Stage one: decide your overall approach

You should begin by deciding how you will use your outcomes framework, the type of framework you want and who you will involve in developing it.

1. Decide who you need to provide evidence to

Think about who you need to provide evidence to about the contribution of culture and sport to local outcomes. For example, is it commissioners of specific services such as adult social care, children's services or health, councillors who are interested in the ‘big picture'? Or is it colleagues in another department, such as economic regeneration?

Look for ideas in the examples section of outcomes frameworks from other local authorities or organisations and how they have used them.

2. Choose to create either a generic framework or theme-based framework(s)

Think about how you will use your outcomes framework to help you decide which approach to take.

A generic framework gives a broad overview of how culture and sport contribute to local priorities and covers a number of policy themes. This may be sufficient to cover all the priorities in your area, particularly for smaller services.

Theme-based frameworks demonstrate in detail the contribution culture and sport make to outcomes under one or more specific policy themes, such as older people, health and wellbeing, or the economy. They will be most useful if you want to influence decision makers or potential partners in a sector or service outside culture and sport.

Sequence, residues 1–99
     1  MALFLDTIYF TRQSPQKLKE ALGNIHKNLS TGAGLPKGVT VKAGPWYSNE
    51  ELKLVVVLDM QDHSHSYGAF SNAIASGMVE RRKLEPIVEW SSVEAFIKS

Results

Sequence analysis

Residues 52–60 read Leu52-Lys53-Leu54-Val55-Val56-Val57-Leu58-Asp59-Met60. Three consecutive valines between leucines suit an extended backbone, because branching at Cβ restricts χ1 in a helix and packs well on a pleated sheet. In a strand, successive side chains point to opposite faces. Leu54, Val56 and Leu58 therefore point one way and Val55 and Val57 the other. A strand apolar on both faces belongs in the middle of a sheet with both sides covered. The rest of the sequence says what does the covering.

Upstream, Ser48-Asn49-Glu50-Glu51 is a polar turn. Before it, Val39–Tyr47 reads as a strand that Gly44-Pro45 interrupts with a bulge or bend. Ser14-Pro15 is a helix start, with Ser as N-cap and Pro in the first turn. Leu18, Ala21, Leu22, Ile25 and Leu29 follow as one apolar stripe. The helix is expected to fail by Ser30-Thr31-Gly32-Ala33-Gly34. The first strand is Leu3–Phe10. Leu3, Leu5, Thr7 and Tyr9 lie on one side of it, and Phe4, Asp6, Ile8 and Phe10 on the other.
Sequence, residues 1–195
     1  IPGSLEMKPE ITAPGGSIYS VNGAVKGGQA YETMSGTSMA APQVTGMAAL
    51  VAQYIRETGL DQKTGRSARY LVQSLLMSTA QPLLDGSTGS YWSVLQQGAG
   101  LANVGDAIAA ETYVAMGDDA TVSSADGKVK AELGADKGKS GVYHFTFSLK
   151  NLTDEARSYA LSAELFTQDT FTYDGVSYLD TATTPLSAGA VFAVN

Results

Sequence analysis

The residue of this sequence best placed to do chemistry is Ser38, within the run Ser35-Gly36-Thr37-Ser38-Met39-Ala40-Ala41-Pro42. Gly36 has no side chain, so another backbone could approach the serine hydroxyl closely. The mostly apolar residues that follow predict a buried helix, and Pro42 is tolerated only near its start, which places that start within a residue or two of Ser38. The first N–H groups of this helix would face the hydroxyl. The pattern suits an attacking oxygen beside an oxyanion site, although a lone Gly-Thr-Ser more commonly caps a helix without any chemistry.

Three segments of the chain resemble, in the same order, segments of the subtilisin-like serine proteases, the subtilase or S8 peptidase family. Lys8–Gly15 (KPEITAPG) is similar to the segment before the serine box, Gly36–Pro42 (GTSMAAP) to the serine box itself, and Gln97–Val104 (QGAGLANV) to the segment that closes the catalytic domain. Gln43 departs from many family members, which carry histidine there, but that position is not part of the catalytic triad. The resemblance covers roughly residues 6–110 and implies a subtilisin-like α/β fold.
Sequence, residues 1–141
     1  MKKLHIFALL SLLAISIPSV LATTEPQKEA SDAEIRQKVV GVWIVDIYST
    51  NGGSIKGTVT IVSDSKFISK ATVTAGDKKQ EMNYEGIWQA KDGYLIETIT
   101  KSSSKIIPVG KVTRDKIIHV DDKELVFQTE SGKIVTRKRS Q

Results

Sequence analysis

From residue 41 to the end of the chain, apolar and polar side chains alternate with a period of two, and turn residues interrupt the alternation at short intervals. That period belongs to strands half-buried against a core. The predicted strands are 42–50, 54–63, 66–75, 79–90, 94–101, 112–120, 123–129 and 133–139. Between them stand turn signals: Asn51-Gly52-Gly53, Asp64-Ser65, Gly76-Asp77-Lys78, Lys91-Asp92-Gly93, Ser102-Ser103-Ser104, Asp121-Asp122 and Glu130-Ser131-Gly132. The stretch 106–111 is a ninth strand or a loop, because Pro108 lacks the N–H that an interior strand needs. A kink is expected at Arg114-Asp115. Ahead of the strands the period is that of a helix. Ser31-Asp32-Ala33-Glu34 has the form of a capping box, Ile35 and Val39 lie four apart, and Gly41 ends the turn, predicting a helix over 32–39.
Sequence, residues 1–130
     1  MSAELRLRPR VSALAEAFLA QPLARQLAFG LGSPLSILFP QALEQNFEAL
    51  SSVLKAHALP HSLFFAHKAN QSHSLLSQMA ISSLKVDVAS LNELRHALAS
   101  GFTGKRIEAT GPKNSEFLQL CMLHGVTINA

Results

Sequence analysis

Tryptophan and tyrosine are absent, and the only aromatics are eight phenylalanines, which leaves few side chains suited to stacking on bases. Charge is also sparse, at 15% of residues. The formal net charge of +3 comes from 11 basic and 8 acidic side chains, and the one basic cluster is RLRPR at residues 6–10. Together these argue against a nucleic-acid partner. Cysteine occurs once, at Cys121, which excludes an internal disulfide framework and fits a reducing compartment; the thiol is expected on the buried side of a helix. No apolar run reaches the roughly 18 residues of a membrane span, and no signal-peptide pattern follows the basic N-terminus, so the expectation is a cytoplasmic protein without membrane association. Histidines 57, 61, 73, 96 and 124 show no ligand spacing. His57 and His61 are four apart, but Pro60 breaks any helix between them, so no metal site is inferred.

3. Plan who will lead and be involved in the process

Decide who to involve in developing your framework and how you will manage it. Creating the framework will need some dedicated time. Who will lead the process? Will the framework be developed as part of a team meeting or separate outcomes planning session? By tasking an individual or small project group? Through a session involving officers and councillors from different services? By involving service commissioners? Through a workshop involving external partners?

Some councils have found working with partners to create their outcomes framework important to get their ‘buy-in'. Think about whether or how to involve your corporate policy and performance unit, scrutiny boards and representatives from local strategic or enterprise partnerships, for example.

Also think about involving culture and sport partners you may want to encourage to adopt the framework or who you will need to provide evidence and data.

You should follow the remaining stages and steps to building your outcomes framework whichever type of framework you decide on. But you will need to repeat them for each policy theme if you are creating more than one theme-based framework.

Stage two: create an outcomes triangle

Back to introduction page


24 September 2014

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